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Oromo Women in the Afterlives of Empire: Imperial Spatializing and Geography Guraacha

Bass, Madeline Jaye (2023) Oromo Women in the Afterlives of Empire: Imperial Spatializing and Geography Guraacha. Doctor of Philosophy (PhD) thesis, University of Kent, Freie Universität Berlin, MOVES European Joint Doctorate. (doi:10.22024/UniKent/01.02.100276) (Access to this publication is currently restricted. You may be able to access a copy if URLs are provided) (KAR id:100276)

Language: English

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The Oromo struggle for liberation transcends spatiotemporalities of imperialism, moves across and despite borders, and echoes with deep knowledges, even as the encroaching violence is vast and intersecting, labyrinthian in its structural forms. Oromo women struggle against global anti-Blackness as members of the African diaspora, anti-Indigeneity by the settler colonial state rulers of Ethiopia, and cisheteropatriarchy with uniquely Oromo applications. This thesis disrupts and fights narratives of domination, insisting on listening to Oromo women's stories of refusal and revitalization with a focus on spatiality; the ways that intersecting structural forms present certain positions for people in place.The thesis is positioned at the intersection of Black Studies and Critical Indigenous Studies and links the discussion to three key concepts:: Black geography, imperial spatializing, and geography guraacha. Guraacha, black in the Oromo epistemology, is beyond the skies, representing futures and pasts that are unknown and unseen. Taking black to mean that which exists outside of the capability of traditional maps, as well as Black in the racialized African diasporic community, Black geography and geography guraacha prioritize Oromo liberation and thinking outside of the colonial now. The thesis begins with a re-reading of historical narratives, moves to analyses of the Oromo archive and its meanings, discursive analysis of poetry and music, and closes with ethnographic explorations with Oromo diaspora communities in Europe. These findings reveal the need for rethinking the meanings of space- making as an artefact of imperialism with economic, political, and sociocultural implications. This thesis offers a contribution to methodological and critical theory by strengthening the connection between Indigenous epistemologies and Black geographies as practices of liberation. The resulting argument makes a case for radically reconsidering practices of building a more just and livable world.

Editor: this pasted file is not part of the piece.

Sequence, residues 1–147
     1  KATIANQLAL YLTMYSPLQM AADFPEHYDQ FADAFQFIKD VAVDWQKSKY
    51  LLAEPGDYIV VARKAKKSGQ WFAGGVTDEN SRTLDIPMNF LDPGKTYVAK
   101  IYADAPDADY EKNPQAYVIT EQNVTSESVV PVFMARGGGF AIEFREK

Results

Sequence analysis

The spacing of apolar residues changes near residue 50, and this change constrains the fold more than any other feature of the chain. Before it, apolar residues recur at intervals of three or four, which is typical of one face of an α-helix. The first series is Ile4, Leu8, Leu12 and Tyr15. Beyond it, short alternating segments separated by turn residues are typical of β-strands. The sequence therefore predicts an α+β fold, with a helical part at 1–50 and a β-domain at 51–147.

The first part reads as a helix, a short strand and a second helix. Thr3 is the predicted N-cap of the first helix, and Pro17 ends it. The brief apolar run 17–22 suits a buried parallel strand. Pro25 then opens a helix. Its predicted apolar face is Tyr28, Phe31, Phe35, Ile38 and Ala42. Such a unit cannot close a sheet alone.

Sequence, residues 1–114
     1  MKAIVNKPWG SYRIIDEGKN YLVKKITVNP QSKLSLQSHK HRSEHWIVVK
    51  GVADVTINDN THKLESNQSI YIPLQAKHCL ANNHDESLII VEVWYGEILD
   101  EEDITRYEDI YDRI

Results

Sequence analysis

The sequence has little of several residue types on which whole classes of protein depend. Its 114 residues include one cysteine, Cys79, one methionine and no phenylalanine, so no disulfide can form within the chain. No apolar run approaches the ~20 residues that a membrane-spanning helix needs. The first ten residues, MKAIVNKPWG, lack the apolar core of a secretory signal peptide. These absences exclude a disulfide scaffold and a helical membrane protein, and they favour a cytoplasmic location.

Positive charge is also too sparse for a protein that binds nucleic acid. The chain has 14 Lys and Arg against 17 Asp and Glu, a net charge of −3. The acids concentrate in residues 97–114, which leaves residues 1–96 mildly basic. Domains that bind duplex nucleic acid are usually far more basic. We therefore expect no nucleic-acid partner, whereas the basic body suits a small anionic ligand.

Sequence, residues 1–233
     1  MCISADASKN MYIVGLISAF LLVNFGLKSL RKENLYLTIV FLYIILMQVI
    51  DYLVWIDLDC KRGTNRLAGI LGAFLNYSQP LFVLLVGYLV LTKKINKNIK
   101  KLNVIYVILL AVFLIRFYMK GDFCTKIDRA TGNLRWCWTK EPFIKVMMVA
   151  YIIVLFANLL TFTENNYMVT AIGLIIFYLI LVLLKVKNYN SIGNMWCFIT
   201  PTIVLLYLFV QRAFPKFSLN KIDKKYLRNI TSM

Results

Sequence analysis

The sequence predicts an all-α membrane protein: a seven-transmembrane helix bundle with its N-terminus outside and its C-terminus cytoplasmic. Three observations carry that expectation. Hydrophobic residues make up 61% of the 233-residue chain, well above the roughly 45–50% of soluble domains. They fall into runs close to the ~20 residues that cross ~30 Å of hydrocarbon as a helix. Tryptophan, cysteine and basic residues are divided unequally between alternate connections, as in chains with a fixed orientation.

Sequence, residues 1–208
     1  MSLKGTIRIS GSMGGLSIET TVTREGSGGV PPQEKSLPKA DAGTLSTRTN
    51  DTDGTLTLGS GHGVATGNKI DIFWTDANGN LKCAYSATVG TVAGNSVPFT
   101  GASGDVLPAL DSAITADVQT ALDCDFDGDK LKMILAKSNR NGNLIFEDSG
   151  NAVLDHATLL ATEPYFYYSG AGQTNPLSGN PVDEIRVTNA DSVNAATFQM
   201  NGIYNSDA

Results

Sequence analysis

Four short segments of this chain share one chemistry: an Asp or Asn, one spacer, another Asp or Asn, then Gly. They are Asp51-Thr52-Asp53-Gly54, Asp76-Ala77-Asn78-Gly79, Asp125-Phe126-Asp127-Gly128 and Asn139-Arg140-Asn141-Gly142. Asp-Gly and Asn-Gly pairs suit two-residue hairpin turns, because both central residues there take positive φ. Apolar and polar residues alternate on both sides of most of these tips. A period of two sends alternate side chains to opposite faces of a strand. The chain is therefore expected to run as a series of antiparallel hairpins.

Item Type: Thesis (Doctor of Philosophy (PhD))
Thesis advisor: Landry, Donna
DOI/Identification number: 10.22024/UniKent/01.02.100276
Subjects: H Social Sciences > HT Communities. Classes. Races
Divisions: Divisions > Division of Arts and Humanities > School of English
SWORD Depositor: System Moodle
Depositing User: System Moodle
Date Deposited: 01 Mar 2023 16:10 UTC
Last Modified: 02 Mar 2023 11:47 UTC
Resource URI: (The current URI for this page, for reference purposes)

University of Kent Author Information

Bass, Madeline Jaye.

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